It is with heavy hearts that we write this tribute to our long-time friend, Sally Silverstone, biospherian, author and educator. Sally died suddenly and unexpectedly at her home in Bali. The world has lost another treasure as her unique life and inquisitive spirit led her on innumerable adventures few have encountered, with perhaps one of the most well-known being her participation in the Biosphere 2 experiment, living sealed within the world’s largest laboratory for global ecology for two whole years.
We at Synergetic Press, alongside Sally’s friends and colleagues at the Biosphere Foundation, are all mourning her loss. We have been working together the past months promoting her new book, and she was preparing to start teaching Biosphere Stewardship programs at the Center they build in Bali starting in October. As we absorb this shock, her close friend, fellow biospherian, and co-author with Sally and Abigail Alling of their newly published book, Life Under Glass: Lessons from Two Years Inside Biosphere 2, Dr. Mark Nelson shares these memories on her life and legacy.
Sally Silverstone: A Remarkable Life Well Lived
by Mark Nelson
Sally Silverstone lived a full and rich life which defies a simple, linear account. It was, for a woman so deeply connected with the Earth and the earth (soil) in which she created gardens wherever she went, a magical mystery tour.
She was always open to adventure, especially if it fell into that wonderful category of a necessary adventure. That’s one which enhances the world, the people it touches and stretches her own potentialities.
How else to explain her “yes, I will!” reaction at the October Gallery in London which she was casually visiting when Chili Hawes, in need of more actors for a stage production, invited her to join that studio ensemble of the Theater of All Possibilities. Sally wound up playing Metal Woman in sublime gold make-up and joining whole-heartedly the far-flung endeavors of the Institute of Ecotechnics.
She played a key role in the early 1980s years establishing our sustainable tropical forestry project, Las Casas de la Selva, in Puerto Rico. Falling in love with the cutting-edge project and its mountain forest location, she gained the name we knew her by “Sierra”. A mountain range indeed for her vision and unflappable ability to manage even in the midst of stress, drama, and chaos!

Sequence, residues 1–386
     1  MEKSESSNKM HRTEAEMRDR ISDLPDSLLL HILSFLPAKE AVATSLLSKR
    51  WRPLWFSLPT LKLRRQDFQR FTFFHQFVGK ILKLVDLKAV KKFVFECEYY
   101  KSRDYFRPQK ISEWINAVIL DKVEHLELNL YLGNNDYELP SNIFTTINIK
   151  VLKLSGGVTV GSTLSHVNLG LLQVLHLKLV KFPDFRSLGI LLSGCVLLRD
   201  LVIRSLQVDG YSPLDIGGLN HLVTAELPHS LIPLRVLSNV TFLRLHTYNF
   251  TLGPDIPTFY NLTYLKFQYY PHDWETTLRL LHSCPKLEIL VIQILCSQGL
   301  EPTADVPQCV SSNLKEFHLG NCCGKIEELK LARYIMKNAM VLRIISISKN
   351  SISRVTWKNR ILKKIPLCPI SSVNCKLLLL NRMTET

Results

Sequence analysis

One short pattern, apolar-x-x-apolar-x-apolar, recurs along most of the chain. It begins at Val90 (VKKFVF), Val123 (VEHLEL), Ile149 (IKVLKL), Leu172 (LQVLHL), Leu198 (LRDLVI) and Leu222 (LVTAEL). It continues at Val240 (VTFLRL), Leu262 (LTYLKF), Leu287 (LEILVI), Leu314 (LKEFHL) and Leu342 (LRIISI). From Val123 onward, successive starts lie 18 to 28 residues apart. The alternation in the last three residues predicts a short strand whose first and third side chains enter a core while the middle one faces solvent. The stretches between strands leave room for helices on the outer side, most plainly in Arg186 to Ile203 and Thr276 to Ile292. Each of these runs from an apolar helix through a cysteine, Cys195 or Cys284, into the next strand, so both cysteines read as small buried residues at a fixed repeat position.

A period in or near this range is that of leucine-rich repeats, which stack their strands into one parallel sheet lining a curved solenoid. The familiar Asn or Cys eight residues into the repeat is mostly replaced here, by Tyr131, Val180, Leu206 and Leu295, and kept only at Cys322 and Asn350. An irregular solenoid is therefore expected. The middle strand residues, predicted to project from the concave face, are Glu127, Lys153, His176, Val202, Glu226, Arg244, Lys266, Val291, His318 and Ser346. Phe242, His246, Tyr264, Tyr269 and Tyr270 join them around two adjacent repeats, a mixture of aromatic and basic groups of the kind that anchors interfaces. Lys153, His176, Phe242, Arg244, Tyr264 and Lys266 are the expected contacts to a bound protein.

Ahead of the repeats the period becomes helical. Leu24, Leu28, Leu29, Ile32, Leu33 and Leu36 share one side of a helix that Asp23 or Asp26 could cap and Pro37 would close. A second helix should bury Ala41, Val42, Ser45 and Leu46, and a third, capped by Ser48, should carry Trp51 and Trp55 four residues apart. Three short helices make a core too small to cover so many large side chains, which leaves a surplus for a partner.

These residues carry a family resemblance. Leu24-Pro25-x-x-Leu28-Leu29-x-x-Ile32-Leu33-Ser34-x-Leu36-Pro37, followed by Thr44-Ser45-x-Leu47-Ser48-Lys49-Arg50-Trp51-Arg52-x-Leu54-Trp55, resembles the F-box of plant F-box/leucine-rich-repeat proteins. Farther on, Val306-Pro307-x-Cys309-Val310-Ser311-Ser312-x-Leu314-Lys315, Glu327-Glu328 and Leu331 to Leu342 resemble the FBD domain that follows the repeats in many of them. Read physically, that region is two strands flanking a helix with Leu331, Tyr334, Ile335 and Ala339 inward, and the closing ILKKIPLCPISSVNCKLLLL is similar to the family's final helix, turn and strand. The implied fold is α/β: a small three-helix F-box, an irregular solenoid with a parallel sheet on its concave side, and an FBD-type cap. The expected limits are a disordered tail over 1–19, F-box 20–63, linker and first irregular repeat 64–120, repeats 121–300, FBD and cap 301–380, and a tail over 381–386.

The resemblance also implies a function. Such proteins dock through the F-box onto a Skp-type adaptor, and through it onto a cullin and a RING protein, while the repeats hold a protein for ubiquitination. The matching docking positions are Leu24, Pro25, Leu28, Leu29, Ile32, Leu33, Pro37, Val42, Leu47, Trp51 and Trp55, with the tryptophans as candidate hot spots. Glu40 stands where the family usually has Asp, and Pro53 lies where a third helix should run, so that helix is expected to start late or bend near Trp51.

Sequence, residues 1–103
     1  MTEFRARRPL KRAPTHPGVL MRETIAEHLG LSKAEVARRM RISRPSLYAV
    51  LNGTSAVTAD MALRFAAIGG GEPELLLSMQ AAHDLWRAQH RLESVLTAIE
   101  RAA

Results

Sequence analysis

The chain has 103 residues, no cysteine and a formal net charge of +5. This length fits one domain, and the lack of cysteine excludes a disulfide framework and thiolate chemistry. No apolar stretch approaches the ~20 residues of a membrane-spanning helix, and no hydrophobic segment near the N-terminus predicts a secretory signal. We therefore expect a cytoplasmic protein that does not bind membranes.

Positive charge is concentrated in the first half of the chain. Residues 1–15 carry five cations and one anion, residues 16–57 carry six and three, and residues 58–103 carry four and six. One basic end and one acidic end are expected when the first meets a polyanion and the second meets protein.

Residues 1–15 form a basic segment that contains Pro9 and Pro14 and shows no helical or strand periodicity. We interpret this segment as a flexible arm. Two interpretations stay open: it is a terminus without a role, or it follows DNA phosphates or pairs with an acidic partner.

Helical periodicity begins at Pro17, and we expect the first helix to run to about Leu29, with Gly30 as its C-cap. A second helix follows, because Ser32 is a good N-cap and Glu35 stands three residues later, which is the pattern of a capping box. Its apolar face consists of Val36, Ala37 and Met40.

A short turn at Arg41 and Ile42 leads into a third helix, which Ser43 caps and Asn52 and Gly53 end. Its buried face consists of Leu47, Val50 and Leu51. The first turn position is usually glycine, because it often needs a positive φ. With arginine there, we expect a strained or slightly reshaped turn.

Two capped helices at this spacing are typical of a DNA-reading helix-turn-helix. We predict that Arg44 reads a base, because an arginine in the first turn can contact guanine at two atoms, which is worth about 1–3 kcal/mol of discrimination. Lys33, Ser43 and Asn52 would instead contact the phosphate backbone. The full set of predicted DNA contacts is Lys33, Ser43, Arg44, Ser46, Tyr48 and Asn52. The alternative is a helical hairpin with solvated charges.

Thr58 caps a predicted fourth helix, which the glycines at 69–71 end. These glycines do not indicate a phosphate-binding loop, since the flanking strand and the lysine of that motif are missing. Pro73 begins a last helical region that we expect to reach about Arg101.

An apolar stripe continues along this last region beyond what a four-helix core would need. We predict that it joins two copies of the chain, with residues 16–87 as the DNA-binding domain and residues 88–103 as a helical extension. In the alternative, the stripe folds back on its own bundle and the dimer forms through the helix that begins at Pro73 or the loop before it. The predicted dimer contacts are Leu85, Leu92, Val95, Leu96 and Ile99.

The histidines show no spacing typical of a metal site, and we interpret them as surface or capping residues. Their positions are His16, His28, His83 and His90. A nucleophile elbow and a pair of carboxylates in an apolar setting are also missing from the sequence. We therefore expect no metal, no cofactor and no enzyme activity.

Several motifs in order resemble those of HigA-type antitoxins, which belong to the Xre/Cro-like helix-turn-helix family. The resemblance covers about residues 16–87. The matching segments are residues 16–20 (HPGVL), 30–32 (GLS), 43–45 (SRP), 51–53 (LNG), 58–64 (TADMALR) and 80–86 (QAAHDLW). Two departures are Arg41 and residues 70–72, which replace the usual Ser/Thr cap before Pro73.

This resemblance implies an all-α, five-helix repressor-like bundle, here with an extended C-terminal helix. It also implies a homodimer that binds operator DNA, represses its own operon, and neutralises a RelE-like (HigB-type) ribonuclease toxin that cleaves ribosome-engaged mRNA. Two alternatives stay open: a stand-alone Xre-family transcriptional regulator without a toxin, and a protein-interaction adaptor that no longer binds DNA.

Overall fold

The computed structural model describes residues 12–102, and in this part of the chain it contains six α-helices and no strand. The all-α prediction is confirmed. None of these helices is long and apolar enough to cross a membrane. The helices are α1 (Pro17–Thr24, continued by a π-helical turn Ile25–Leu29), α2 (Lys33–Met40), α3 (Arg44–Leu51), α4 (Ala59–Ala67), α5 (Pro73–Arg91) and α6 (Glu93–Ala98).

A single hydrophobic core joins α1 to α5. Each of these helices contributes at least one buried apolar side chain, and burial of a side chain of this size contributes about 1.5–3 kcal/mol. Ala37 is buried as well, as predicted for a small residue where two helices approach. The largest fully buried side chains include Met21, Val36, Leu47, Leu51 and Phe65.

When she heard about the ground-breaking Biosphere 2 project from John Allen, even in simple sketches on the back of a napkin, she immediately said: “yes, that’s for me!” At Biosphere 2 she helped manage the office with dozens of architects/draftsmen and engineers racing to produce blueprints ahead of the breakneck and mammoth construction of the world’s first human-built mini-world while also training as a biospherian candidate.
Of course, she wound up in Biosphere 2, as our captain (along with emergency co-captain, Mark Van Thillo) and manager of the Food Systems. Reflecting on the achievements of Biosphere 2, I think that Sierra was our super-glue. She joked that having run a mental hospital in India earlier in her life was perfect preparation for managing seven other biospherians!! And no matter what was happening – and all hell was often breaking loose, with the steep learning curve we were all on figuring out how to be biospherians and manage a mini-biosphere, the media frenzy and power struggles outside, and the historic role that Biosphere 2 was to play in bringing the idea of what a biosphere is to hundreds of millions worldwide.
Among her strongest passions were growing food and feeding people. Biosphere 2 was the perfect place then. She led the team turning a half-acre farm into one of the most productive agricultures ever – and without using chemical fertilizers or poisons. How could we have lived in Biosphere 2 without the special treats and food and drink for our feasts which Sierra took such pleasure in concocting: from banana wine to cheeses and sausages and a million ways to make our meals memorable and distinctive even while using the same ingredients.